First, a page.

Company 401(k) plans are created to benefit all employees, regardless of where they fall in the organizational hierarchy. In order to prevent 401(k) plans from favoring company executives, owners, and employees who are on the higher end of the pay scale, the IRS has enforced annual nondiscrimination testing. In this blog, we will discuss what nondiscrimination tests are and how to stay compliant with the IRS rules and specifications.
What is Non-Discrimination Testing?
The purpose of non-discrimination testing is to make certain that employees stay within a specific contribution range when comparing different groups of employees. These tests are required for employees who are considered Highly Compensated Employees (HCEs) to ensure they are not benefitting at an unreasonably higher rate when compared to those who are Non-Highly Compensated Employees (NHCEs). By setting clear contribution limits, the testing aims to make sure that all employees, regardless of compensation rate, have equal access to the company's benefits.
401(k) retirement plans provide significant tax benefits for employers which is why there are strict compliance regulations. In order for a company to continue receiving its tax benefits, it will need to pass all compliance tests set forth by the federal government.
The current IRS requirements are:
· 401(k) plans must meet certain minimum standards concerning coverage of employees
· The plan should not favor highly compensated employees
· Plan assets cannot favor owners, executives, or officers of the organization
· Plan contributions cannot exceed IRS limits
Since non-discrimination testing is based on where employees are classified, it is important to understand the criteria that go into each category.
Highly Compensated Employees are those who meet one or more of the following:
· The employee's annual compensation was $130,000 or more and, if the employer chooses, was in the top 20% of employees when ranked by compensation for the year plan prior.
· The employee-owned more than 5% of outstanding corporate stock, regardless of how much that person earned, holds voting power across corporate stock or the employee is related to an owner of the organization such as a spouse, children, parents, grandparents. In-laws, siblings, and grandchildren are exempt from the relationship rule.
· A key employee is someone who earns $185,000 or more in annual compensation based on the prior year of earnings
· The employee owns more than 5% of the company or is related to someone who does.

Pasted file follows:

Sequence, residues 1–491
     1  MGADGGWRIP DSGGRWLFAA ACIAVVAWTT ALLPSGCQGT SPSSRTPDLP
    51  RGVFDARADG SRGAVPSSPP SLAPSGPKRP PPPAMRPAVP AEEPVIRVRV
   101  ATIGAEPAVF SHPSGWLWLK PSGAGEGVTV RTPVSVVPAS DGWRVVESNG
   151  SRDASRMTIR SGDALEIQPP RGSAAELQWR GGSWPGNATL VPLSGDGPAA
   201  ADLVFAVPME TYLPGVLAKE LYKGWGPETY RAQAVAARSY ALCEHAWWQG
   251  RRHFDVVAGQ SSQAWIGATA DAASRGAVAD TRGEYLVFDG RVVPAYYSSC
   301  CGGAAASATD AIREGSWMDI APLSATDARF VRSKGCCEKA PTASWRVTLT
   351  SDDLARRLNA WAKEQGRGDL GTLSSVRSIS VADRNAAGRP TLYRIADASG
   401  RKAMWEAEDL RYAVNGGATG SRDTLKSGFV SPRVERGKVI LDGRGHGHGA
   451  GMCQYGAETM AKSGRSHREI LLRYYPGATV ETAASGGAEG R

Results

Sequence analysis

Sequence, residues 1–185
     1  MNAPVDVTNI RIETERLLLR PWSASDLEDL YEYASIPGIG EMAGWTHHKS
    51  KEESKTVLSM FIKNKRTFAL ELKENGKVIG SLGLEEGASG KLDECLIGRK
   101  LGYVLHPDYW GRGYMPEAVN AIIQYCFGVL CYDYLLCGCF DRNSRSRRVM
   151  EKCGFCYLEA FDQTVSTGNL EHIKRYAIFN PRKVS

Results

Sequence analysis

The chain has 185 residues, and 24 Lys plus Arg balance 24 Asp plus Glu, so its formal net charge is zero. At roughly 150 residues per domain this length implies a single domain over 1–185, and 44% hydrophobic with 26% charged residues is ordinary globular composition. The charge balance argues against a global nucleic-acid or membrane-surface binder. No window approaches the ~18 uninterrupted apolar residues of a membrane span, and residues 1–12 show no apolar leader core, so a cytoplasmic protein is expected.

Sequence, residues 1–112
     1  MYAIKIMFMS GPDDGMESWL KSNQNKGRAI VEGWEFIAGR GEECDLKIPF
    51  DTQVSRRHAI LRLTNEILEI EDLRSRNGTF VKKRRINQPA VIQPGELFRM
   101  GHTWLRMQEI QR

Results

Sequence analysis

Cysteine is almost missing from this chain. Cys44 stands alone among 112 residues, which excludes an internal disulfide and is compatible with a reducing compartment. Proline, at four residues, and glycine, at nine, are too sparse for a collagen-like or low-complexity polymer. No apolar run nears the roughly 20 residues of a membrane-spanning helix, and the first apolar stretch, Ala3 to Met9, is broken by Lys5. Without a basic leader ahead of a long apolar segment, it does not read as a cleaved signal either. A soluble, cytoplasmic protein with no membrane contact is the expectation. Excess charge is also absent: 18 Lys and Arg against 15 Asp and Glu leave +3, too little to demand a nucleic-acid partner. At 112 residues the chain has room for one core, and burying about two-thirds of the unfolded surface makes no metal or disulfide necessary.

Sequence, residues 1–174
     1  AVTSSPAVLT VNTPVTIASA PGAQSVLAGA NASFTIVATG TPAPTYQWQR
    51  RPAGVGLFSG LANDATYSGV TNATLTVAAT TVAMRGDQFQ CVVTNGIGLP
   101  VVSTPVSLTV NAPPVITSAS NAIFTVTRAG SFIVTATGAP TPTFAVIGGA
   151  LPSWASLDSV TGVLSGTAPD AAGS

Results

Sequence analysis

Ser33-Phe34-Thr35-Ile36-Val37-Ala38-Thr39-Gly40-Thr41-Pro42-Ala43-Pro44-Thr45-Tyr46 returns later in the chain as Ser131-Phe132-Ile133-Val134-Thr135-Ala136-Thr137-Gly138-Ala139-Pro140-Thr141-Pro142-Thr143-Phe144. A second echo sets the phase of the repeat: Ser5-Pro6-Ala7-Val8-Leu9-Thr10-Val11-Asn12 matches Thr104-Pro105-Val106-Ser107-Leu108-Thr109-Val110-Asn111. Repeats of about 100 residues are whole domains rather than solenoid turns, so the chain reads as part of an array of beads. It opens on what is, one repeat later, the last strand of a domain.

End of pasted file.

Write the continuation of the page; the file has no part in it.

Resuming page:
· If the employee owns more than 1% of the company and earns more than $150,000, they will be considered a key employee.
Non-highly compensated and non-key employees are those who do not meet the definitions above.
Two Key Non-Discrimination Tests
There are two key tests for 401(k) plans to ensure that a plan is compliant with established federal requirements and regulations. The types of testing will vary depending on your organization's specific plan design and benefits package.
1. Actual Deferral Percentage (ADP)
a. An ADP test compares the average deferral percentage that HCEs contribute from their salary to the average deferral percentage the NCHEs contribute.
b. The IRS requires that the disparity between the 2 groups is typically within a 2% range when comparing the average deferral rates for each group.
2. Actual Contribution Percentage (ACP)
a. ACP tests only apply to companies offering a traditional match. This test looks rate of matches received and compares the average percentage of matching contributions made for both HCEs and NHCEs.
b. The IRS requires that the disparity between the 2 groups is typically within a 2% range when comparing the average matching rate for each group.
401(k) administrators should ensure that their company's 401(k) does not discriminate in favor of the Highly Compensated Employee group by performing these non-discrimination tests on an annual basis. By performing these tests and staying vigilant throughout the year to adjust contributions as needed, you will proactively benefit all employees as they save for their retirement. If you have questions about your company's retirement plan, contact us today!